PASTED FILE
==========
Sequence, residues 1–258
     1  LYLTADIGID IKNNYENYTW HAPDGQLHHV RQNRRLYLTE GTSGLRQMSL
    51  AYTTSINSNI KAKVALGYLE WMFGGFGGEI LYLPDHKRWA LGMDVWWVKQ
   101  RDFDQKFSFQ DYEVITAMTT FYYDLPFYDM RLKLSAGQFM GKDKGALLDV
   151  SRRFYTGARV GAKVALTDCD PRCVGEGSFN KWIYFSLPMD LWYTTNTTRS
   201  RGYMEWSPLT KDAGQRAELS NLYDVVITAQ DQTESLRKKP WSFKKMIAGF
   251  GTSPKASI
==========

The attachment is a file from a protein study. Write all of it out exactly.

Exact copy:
Sequence, residues 1–258
     1  LYLTADIGID IKNNYENYTW HAPDGQLHHV RQNRRLYLTE GTSGLRQMSL
    51  AYTTSINSNI KAKVALGYLE WMFGGFGGEI LYLPDHKRWA LGMDVWWVKQ
   101  RDFDQKFSFQ DYEVITAMTT FYYDLPFYDM RLKLSAGQFM GKDKGALLDV
   151  SRRFYTGARV GAKVALTDCD PRCVGEGSFN KWIYFSLPMD LWYTTNTTRS
   201  RGYMEWSPLT KDAGQRAELS NLYDVVITAQ DQTESLRKKP WSFKKMIAGF
   251  GTSPKASI